Am I a good or a bad citizen? I am certainly a concerned one. It is now normal for us to consider each other as a bio hazard. How will that pan out? As I walked through the town centre today, with people swerving out of my way, with all the shops and businesses boarded up, and a lady wearing two masks, gloves and a business suit, fussing over all the customers lining up outside the local bank, ceaselessly bossing them around and making sure they were all in order, I thought that we had given all our energies and power to this one virus. We have made it the scapegoat for everything we fear. We have given something that does not merit it, all of our attention, and made it into a monster that has given us purpose in our fear, has given us a new community to belong to. We have created such a bogey man that it has overpowered us and we are in thrall to it. I remember reading of a treatment for the plague in 1615, where a pigeon is cut in two and laid on the feet of the sufferer. Pigeons were considered potent in healing for centuries. It couldn't happen now though. If someone proposed laying a freshly halved pigeon on your feet to make you better, you would probably have them arrested. But for many years people believed in it completely. Just for the record, the virus is real - very real - but I do not like the methods in place to deal with it. They, many of the methods, are like the pigeon halves.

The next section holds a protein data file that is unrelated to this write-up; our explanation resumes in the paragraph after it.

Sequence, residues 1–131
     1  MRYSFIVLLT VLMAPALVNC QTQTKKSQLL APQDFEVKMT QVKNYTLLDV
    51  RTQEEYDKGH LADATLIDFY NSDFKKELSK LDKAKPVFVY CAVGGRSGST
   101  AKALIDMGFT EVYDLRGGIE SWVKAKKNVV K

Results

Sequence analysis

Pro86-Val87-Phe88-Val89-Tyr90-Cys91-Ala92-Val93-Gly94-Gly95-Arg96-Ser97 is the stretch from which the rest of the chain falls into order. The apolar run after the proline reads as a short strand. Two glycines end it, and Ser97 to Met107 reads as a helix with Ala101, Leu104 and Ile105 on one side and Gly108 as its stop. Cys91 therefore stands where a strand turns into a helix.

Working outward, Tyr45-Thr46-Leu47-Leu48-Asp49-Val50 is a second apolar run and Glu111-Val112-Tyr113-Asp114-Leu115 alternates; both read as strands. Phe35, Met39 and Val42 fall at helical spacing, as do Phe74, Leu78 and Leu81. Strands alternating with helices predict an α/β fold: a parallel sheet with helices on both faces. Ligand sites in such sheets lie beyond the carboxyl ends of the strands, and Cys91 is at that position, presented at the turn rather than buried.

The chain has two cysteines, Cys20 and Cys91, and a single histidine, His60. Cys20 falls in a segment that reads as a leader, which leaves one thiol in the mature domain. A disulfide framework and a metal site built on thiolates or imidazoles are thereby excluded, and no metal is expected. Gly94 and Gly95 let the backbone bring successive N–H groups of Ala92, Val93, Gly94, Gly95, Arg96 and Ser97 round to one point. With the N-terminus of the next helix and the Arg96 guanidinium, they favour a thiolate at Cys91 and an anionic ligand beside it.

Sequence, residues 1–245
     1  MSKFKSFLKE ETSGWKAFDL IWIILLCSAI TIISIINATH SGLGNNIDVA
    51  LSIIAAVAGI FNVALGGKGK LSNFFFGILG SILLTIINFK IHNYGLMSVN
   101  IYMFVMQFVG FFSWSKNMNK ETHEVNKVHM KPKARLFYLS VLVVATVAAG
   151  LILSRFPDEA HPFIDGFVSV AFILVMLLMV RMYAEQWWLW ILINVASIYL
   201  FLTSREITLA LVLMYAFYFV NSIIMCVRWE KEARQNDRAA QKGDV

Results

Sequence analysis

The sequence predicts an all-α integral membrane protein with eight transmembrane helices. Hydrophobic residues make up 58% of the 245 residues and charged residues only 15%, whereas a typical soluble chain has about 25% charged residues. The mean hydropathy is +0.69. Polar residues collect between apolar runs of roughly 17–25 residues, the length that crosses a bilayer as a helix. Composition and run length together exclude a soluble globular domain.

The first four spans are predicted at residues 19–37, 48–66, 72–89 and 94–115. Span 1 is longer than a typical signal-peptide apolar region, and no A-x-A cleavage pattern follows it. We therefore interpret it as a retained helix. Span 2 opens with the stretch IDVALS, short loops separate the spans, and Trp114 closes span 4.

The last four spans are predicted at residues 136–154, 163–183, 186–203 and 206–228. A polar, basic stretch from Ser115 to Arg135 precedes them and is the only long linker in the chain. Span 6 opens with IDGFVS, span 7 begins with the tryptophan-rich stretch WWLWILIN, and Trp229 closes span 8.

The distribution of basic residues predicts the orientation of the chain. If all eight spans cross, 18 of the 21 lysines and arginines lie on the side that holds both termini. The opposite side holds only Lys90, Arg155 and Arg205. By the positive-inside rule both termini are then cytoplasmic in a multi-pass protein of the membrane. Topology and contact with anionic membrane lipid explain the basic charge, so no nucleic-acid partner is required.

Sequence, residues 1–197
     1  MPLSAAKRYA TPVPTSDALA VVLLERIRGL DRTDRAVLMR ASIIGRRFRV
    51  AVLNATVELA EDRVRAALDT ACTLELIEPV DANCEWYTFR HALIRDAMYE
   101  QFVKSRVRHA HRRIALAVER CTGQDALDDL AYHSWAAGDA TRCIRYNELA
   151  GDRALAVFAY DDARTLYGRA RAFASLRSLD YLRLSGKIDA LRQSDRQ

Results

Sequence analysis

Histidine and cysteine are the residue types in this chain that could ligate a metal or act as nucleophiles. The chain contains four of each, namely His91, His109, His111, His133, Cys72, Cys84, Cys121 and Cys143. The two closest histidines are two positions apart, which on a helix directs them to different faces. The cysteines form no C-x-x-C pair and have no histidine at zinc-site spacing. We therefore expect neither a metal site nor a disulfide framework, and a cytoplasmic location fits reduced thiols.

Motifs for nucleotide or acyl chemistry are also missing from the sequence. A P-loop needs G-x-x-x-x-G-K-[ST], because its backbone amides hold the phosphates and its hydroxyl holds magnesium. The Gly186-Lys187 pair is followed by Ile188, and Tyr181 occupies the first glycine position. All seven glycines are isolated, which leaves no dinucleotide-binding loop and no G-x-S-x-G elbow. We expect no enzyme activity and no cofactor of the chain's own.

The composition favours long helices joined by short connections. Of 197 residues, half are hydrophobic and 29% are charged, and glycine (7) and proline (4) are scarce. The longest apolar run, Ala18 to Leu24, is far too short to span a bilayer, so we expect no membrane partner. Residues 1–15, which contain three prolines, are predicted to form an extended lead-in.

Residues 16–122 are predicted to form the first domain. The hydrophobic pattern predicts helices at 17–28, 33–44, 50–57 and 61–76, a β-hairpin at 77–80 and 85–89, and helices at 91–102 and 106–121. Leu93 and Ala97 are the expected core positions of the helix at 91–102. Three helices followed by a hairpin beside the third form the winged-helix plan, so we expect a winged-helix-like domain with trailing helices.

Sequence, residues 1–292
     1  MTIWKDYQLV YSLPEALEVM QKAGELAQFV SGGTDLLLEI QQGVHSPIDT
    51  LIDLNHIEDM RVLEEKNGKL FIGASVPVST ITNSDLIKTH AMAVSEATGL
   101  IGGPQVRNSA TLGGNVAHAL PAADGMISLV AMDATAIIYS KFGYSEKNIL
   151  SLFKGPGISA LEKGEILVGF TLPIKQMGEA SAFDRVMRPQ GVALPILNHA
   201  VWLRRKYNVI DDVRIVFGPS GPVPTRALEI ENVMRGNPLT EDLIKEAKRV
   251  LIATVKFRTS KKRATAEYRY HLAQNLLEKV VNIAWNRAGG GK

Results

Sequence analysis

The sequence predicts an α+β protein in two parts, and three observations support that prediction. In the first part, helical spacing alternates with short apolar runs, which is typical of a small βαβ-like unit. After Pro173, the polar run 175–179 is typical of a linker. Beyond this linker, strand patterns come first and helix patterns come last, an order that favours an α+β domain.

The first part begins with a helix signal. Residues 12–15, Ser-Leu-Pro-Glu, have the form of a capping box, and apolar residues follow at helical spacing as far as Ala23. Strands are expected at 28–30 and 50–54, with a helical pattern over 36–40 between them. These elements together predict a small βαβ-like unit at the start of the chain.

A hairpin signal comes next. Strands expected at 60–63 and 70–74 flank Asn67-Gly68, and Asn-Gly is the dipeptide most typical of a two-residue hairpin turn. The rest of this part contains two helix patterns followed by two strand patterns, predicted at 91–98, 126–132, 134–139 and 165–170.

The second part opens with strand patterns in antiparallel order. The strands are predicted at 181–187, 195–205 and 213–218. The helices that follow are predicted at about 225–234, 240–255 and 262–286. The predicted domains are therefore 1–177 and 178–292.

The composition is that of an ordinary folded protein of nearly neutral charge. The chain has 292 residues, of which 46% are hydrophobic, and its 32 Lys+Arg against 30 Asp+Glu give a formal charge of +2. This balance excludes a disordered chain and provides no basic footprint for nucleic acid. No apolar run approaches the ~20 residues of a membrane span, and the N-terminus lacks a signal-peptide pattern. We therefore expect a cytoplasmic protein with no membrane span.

I do not know where this will lead, and I watch this all with concern. I repeat, everyone is doing the best they can with the information that they have. People, most of us, only want the best for each other and at heart our caring and compassionate spirits are very much intact. Anyone suffering from this virus needs all the love and care they can get, and those that die either with or from it, leave such sadness behind. We cannot dispute any of that. My worry is that how we are learning to behave with a single virus and the idea of death from this one thing only, has caused us to lose our perspective to such a degree that all of our power, fear, projection and energy been offered up on the altar of one single thing. How do we come down from this? I don't know. I hear pigeons are very effective.
|I'm full of surprises.|